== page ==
## A 360-degree floating 3D display based on light field regeneration |

Optics Express, Vol. 21, Issue 9, pp. 11237-11247 (2013)

http://dx.doi.org/10.1364/OE.21.011237

Acrobat PDF (3396 KB)

### Abstract

Using light field reconstruction technique, we can display a floating 3D scene in the air, which is 360-degree surrounding viewable with correct occlusion effect. A high-frame-rate color projector and flat light field scanning screen are used in the system to create the light field of real 3D scene in the air above the spinning screen. The principle and display performance of this approach are investigated in this paper. The image synthesis method for all the surrounding viewpoints is analyzed, and the 3D spatial resolution and angular resolution of the common display zone are employed to evaluate display performance. The prototype is achieved and the real 3D color animation image has been presented vividly. The experimental results verified the representability of this method.

© 2013 OSA

## 1. Introduction

1. N. S. Holliman, N. A. Dodgson, G. E. Favalora, and L. Pockett, “Three-dimensional displays: A review and applications analysis,” IEEE Trans. Broadcast **57**(2), 362–371 (2011). [CrossRef]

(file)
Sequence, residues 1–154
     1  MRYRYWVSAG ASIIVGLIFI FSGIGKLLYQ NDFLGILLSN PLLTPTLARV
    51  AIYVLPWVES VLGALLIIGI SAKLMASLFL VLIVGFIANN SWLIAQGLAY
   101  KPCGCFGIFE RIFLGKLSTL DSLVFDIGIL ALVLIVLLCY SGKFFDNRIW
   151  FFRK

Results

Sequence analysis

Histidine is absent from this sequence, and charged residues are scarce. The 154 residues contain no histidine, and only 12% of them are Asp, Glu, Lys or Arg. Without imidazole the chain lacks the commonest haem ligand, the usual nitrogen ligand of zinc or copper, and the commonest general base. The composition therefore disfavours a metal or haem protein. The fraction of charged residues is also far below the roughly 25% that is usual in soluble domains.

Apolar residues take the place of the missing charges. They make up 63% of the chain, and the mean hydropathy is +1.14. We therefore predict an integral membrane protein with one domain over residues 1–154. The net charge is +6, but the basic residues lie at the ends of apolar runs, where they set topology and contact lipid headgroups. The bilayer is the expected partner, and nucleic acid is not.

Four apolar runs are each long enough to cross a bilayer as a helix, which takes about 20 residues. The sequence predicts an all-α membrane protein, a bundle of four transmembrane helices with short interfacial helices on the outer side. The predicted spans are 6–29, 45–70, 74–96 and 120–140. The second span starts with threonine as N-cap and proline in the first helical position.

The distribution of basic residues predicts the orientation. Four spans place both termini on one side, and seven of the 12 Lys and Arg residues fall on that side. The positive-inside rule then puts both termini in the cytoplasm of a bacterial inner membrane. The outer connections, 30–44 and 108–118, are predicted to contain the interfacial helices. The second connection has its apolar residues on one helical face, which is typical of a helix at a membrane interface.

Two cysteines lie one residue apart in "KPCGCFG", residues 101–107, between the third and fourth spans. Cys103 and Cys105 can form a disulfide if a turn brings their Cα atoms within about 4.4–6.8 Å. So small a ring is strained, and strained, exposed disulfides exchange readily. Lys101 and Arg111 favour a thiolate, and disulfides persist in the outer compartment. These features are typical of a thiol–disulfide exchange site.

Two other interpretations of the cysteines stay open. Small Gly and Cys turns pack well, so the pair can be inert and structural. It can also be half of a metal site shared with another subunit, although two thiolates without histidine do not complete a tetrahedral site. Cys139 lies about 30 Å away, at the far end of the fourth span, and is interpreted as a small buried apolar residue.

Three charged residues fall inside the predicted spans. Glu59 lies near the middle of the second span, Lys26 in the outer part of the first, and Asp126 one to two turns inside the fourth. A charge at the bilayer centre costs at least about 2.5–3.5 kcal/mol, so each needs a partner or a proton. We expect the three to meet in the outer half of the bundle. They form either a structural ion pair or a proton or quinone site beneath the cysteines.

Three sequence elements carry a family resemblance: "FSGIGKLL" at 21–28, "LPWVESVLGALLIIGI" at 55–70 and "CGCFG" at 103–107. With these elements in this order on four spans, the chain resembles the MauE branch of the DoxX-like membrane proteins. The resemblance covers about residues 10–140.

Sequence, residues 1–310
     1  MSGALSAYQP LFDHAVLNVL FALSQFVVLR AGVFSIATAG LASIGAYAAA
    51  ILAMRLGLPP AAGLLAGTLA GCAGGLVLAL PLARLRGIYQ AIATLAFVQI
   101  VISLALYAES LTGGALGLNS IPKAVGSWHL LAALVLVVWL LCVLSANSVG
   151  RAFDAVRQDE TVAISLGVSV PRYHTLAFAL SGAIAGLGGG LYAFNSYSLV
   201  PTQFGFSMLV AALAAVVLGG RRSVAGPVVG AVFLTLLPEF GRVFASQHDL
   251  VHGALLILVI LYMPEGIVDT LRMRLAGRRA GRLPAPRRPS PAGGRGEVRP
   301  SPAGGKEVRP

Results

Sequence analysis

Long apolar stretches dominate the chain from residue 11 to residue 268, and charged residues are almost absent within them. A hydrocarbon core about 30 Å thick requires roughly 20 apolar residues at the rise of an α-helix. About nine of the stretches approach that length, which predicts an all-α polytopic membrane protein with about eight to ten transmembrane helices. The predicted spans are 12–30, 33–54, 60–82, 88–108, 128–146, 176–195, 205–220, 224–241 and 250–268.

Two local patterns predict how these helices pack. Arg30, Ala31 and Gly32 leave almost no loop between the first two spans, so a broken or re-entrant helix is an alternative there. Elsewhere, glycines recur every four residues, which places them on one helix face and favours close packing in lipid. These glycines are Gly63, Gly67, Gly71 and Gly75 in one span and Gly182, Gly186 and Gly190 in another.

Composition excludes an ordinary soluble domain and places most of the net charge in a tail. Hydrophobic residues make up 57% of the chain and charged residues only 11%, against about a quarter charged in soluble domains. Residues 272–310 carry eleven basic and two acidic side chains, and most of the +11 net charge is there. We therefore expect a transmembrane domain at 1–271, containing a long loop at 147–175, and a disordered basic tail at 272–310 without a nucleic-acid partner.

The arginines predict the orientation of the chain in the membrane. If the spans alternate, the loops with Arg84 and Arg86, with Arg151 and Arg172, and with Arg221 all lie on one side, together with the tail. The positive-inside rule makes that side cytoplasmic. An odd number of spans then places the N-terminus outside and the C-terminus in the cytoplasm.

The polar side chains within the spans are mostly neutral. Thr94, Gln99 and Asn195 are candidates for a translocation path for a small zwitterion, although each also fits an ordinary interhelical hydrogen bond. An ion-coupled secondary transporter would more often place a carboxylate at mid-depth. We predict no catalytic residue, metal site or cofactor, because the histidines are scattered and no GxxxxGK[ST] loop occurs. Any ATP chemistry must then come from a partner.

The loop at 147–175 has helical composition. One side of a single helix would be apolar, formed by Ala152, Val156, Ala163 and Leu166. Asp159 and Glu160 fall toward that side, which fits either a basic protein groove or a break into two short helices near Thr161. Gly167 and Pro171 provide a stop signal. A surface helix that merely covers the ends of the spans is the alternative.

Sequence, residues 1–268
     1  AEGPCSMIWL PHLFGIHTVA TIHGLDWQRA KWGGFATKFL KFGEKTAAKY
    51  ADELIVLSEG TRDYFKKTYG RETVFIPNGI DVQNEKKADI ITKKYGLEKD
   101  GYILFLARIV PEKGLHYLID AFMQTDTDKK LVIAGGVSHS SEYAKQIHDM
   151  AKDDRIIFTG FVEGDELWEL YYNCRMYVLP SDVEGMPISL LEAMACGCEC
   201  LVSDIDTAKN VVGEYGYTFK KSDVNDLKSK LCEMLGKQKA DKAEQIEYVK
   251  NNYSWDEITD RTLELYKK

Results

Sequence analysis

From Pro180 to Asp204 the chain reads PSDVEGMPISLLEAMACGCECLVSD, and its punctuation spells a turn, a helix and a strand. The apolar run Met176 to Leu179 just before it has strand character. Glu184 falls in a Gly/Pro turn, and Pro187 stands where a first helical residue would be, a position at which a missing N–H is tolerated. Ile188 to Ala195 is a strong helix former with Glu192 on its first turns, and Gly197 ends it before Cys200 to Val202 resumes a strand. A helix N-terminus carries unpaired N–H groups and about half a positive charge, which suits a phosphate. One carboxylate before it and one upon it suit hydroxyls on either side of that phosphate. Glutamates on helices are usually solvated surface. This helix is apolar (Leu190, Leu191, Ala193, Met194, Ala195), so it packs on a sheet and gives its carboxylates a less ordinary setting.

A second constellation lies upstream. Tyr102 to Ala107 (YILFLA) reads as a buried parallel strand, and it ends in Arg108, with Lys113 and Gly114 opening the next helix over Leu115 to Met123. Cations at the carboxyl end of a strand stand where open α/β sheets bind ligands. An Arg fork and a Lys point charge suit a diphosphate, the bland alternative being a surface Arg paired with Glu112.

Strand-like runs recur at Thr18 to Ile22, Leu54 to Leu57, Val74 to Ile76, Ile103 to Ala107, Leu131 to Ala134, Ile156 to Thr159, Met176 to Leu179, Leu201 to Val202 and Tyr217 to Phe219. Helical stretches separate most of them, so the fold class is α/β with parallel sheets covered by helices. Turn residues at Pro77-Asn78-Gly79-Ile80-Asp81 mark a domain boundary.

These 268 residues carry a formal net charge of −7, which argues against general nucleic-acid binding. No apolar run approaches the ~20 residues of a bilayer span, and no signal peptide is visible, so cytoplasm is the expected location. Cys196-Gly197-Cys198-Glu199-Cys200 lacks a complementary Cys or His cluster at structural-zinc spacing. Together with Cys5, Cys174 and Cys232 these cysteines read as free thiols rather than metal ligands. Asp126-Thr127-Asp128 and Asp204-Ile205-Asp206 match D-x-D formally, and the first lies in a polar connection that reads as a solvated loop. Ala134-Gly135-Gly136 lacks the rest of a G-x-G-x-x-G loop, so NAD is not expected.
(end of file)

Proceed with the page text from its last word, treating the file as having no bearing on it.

2. N. A. Dodgson, “Autostereoscopic 3D Displays,” Computer **38**(8), 31–36 (2005). [CrossRef]

3. C. Slinger, C. Cameron, and M. Stanley, “Computer-generated holography as a generic display technology,” Computer **38**(8), 46–53 (2005). [CrossRef]

4. S. Tay, P. A. Blanche, R. Voorakaranam, A. V. Tunç, W. Lin, S. Rokutanda, T. Gu, D. Flores, P. Wang, G. Li, P. St Hilaire, J. Thomas, R. A. Norwood, M. Yamamoto, and N. Peyghambarian, “An updatable holographic three-dimensional display,” Nature **451**(7179), 694–698 (2008). [CrossRef] [PubMed]

5. G. E. Favalora, “Volumetric 3D displays and application infrastructure,” Computer **38**(8), 37–44 (2005). [CrossRef]